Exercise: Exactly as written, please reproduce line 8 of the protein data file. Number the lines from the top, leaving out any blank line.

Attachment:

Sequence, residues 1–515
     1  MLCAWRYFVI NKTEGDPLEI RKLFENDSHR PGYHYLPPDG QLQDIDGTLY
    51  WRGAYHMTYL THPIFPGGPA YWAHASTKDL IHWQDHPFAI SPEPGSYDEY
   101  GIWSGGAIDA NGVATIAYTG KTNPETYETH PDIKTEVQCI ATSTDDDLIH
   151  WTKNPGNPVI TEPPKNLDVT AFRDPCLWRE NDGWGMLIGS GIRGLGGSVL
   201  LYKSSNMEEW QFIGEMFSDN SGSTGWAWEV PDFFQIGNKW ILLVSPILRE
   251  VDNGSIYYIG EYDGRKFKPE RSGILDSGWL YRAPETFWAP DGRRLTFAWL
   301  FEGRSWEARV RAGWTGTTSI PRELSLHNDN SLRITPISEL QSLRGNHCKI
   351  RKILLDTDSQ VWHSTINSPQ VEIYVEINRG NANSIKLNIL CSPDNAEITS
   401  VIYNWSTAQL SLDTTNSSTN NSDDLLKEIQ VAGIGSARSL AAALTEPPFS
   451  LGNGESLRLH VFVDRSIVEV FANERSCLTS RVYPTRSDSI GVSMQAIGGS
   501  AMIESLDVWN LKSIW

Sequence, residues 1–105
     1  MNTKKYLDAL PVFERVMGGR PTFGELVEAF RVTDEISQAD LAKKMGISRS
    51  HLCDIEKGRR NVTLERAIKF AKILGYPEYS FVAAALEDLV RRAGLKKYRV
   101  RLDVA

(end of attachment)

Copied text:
   301  FEGRSWEARV RAGWTGTTSI PRELSLHNDN SLRITPISEL QSLRGNHCKI